The legend begins…
Greece in the age of heroes. Patroclus, an awkward young prince, has been exiled to the kingdom of Phthia to be raised in the shadow of King Peleus and his golden son, Achilles. “The best of all the Greeks”—strong, beautiful, and the child of a goddess—Achilles is everything the shamed Patroclus is not. Yet despite their differences, the boys become steadfast companions. Their bond deepens as they grow into young men and become skilled in the arts of war and medicine—much to the displeasure and the fury of Achilles’ mother, Thetis, a cruel sea goddess with a hatred of mortals.
When word comes that Helen of Sparta has been kidnapped, the men of Greece, bound by blood and oath, must lay siege to Troy in her name. Seduced by the promise of a glorious destiny, Achilles joins their cause, and torn between love and fear for his friend, Patroclus follows. Little do they know that the Fates will test them both as never before and demand a terrible sacrifice.
Built on the groundwork of the Iliad, Madeline Miller’s page-turning, profoundly moving, and blisteringly paced retelling of the epic Trojan War marks the launch of a dazzling career.(flap copy)
My father was a king and the son of kings.
While the Iliad covers just a short period of time in the last year of the Trojan War, this novel begins with the childhood of Patroclus, Achilles’ companion who appears a few times in the epic before becoming the reason Achilles finally re-enters the fighting. (I’d say sorry for the spoilers, but can you spoil the ending of something that’s been out for a couple millenia?)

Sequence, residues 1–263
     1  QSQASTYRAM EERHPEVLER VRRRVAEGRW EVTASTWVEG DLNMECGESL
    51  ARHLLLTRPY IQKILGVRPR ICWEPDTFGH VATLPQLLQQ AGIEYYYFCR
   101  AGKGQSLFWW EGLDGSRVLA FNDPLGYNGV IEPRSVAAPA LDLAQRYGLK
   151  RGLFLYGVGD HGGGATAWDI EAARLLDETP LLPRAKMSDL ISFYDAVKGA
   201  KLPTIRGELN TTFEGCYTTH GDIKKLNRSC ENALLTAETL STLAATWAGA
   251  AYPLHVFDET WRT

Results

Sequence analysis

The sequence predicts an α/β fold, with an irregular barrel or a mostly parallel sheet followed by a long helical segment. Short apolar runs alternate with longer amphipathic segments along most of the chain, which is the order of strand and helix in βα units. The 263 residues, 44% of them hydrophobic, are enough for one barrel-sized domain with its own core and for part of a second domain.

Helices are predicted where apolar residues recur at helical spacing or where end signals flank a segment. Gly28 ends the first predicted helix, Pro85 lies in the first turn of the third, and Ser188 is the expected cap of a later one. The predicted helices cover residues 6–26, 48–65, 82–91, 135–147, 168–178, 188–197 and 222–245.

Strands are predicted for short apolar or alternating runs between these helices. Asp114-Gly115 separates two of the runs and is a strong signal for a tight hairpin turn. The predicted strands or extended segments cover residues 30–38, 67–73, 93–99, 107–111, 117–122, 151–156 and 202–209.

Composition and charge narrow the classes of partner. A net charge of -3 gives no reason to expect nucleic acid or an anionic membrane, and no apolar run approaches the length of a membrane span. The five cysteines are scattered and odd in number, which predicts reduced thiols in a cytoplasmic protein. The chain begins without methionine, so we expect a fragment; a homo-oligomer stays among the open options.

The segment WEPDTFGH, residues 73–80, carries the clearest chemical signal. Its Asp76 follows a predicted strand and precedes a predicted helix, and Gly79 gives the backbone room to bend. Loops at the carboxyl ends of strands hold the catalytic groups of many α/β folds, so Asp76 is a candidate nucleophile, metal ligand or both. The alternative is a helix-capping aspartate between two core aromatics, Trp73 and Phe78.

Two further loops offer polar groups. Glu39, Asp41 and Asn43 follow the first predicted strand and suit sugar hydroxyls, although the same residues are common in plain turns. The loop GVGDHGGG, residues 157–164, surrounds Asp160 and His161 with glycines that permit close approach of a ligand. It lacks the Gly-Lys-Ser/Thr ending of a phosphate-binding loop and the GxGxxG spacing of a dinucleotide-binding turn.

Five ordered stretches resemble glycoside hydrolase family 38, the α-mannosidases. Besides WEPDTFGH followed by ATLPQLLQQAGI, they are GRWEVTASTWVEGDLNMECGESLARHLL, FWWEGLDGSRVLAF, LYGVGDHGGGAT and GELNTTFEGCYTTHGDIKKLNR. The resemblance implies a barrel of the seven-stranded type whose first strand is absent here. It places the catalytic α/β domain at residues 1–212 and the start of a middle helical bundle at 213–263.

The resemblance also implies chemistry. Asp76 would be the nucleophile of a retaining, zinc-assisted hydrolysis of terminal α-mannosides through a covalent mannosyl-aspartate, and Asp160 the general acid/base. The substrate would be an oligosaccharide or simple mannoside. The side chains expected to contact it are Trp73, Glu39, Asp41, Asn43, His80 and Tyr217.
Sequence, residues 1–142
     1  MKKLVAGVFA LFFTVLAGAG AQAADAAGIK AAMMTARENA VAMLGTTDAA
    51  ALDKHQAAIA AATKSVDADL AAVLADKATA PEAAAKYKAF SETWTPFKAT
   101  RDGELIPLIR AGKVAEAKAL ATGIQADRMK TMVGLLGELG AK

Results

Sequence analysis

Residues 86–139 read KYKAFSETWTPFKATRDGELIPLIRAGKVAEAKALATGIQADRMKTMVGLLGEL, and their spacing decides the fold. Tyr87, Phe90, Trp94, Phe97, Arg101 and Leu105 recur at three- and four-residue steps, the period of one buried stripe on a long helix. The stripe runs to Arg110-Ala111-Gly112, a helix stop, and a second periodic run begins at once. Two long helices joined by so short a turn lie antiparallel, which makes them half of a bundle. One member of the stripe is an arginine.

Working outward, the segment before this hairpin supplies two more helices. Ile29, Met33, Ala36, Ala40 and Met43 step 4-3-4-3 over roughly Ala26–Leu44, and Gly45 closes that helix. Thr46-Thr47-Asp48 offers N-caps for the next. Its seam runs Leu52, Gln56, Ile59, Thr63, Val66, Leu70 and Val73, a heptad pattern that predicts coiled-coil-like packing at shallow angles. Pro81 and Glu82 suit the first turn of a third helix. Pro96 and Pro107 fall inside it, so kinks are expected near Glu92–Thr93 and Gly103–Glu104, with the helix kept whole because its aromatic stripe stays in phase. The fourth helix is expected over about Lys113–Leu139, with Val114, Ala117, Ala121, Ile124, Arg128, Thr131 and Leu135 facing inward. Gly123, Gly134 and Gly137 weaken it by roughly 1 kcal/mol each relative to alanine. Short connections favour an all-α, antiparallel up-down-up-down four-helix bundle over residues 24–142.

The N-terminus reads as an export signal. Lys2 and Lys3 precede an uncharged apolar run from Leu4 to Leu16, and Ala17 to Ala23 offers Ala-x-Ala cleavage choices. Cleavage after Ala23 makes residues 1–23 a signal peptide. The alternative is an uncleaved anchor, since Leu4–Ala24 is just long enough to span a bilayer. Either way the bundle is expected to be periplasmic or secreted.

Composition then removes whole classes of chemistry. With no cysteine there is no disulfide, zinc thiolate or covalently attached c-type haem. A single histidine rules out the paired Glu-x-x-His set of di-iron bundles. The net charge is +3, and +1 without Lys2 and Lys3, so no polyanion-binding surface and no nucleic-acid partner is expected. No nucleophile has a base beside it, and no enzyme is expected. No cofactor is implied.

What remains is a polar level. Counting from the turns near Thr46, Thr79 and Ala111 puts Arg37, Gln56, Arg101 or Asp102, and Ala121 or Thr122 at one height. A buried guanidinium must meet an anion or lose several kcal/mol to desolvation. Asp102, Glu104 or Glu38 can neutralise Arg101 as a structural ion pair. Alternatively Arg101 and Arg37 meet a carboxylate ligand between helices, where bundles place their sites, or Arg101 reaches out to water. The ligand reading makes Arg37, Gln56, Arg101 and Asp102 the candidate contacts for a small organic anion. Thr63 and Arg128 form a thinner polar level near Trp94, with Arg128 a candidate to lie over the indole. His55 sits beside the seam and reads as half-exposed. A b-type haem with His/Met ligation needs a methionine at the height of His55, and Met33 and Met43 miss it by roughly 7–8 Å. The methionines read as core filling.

Patroclus narrates the story, from his exile through his growing relationship with young Achilles, right on up to and beyond his death on the Trojan battlefield. About halfway through the book, I began wondering how the ending was going to be handled. The answer is: beautifully. Patroclus remains our window to the action, underscoring just how horrific all of it really is.
Since the story draws on Homer’s Iliad, there is quite a lot of violence, but it is not glorified. Patroclus is a sensitive boy in a world that only celebrates the most masculine of men. His slow realization of who Achilles is (to the rest of the world) is heartbreaking. After reading the Iliad, with its description of battle after battle, reading this novel brought it all back down to the human level.
Source: My actual, physical TBR shelf. I think I picked it up for free somewhere.
Challenges: Official TBR Pile Challenge; Mount TBR; and Read Harder 2022: Either #3 (Read any book from the Women’s Prize shortlist/longlist/winner list) or #21 (Read a queer retelling of a classic of the canon, fairytale, folklore, or myth), depending on whether I get to a couple of other books before the end of the year.